Catch up on stories from the past week (and beyond) at the Slashdot story archive


Forgot your password?
For the out-of-band Slashdot experience (mostly headlines), follow us on Twitter, or Facebook. ×

Comment: Re:Upstream versus downstream (Score 1) 230 230

by EdgeyEdgey (#36971364) Attached to: Are We Seeing the End of Big Oil?
Good comment.

I think contagion risk could also be a factor. Take BP for example. If upstream and downstream were separate companies then the Texas City accident wouldn't have affected the share price of the E&P business, and the GoM accident wouldn't have affected the value of refining.

Comment: Re:enough lies please (Score 1) 791 791

by EdgeyEdgey (#36939828) Attached to: How and Why Wall Street Programmers Earn Top Salaries

CDS had no financial backing other than the name and reputation of the company issuing them.

No, a CDS contract usually requires collateral to be deposited equal to the change in the value of the contract. This way the reputation of the issuer is irrelevant. This was the downfall of AIG as they didn't account for all the collateral they had to post when lehman & other banks went south. P.s. In the case of CDO's the problem was working out the current value of the contract, nothing to do with collateral.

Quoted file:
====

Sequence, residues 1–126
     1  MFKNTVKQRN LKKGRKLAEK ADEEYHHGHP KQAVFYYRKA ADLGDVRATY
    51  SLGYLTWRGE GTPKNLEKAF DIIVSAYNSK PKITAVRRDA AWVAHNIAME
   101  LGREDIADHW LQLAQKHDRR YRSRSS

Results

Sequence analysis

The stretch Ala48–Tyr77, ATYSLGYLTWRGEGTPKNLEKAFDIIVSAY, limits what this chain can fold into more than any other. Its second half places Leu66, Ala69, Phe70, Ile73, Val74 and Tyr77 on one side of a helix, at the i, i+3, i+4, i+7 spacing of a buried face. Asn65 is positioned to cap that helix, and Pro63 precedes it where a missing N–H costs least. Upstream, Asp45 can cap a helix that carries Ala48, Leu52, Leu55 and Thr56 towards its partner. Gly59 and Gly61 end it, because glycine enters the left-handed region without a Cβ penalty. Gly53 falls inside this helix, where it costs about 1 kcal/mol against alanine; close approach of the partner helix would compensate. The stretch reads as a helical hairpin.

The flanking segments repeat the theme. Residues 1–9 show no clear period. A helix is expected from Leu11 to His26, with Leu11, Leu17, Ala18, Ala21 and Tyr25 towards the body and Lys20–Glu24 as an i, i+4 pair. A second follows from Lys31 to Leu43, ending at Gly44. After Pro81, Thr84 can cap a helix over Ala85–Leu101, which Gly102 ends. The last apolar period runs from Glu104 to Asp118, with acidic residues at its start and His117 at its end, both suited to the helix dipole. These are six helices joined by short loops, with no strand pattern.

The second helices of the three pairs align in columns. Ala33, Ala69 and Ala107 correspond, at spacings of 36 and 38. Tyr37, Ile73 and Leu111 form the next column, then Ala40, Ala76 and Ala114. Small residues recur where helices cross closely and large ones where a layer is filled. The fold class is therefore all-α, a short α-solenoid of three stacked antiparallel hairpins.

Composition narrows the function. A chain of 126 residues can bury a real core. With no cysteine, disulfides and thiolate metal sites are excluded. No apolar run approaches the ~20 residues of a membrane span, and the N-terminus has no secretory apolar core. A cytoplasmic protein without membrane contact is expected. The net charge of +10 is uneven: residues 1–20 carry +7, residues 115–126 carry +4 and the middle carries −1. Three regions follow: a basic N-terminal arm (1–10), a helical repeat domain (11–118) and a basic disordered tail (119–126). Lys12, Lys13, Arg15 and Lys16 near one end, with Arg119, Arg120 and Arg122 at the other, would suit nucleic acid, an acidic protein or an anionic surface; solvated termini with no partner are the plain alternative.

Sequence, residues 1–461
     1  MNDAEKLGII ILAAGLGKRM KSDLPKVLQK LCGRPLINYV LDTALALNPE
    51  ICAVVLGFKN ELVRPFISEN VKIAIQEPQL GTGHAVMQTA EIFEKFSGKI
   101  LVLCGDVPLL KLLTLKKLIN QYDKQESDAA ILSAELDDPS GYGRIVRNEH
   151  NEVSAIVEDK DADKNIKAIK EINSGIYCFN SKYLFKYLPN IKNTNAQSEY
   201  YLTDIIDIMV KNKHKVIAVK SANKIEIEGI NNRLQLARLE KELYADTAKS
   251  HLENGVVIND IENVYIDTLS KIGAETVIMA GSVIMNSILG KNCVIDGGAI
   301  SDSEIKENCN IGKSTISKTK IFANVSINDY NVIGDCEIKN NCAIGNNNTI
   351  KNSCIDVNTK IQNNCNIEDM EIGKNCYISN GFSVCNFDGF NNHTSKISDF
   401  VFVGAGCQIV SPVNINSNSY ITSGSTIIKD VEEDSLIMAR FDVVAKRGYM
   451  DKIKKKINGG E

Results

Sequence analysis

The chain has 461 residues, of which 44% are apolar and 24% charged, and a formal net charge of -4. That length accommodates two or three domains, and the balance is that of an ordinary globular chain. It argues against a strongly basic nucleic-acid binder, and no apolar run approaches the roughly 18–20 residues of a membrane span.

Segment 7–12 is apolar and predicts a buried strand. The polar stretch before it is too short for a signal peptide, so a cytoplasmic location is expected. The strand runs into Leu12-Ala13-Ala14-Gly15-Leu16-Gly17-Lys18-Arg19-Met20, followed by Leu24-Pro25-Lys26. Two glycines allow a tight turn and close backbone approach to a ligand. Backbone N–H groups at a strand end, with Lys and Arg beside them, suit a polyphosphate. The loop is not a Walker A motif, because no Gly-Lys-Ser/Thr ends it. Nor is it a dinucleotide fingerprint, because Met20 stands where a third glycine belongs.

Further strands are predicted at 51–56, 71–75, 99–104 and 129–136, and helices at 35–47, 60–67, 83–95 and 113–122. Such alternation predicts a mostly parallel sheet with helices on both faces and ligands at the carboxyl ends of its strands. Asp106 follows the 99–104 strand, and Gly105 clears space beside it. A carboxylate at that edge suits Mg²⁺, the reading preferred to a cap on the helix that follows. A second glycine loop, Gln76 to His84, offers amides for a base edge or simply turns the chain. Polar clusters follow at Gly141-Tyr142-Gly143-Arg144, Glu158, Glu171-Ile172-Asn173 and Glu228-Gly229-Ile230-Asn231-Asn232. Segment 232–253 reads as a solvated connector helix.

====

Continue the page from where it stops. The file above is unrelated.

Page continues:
Comment: Make things less valuble (Score 1) 291 291

by EdgeyEdgey (#36693630) Attached to: Sony Introduces 'PSN Pass' To Fight Used Game Sales
This lowers the resale value, making consumers less likely to buy that game. If it is employed on all future PS3 games then this will make the console less attractive. Sony obviously think that they generate more money by encouraging 2nd hand buyers to buy first hand than they get by charging a premium to early adopters.

The rate at which a disease spreads through a corn field is a precise measurement of the speed of blight.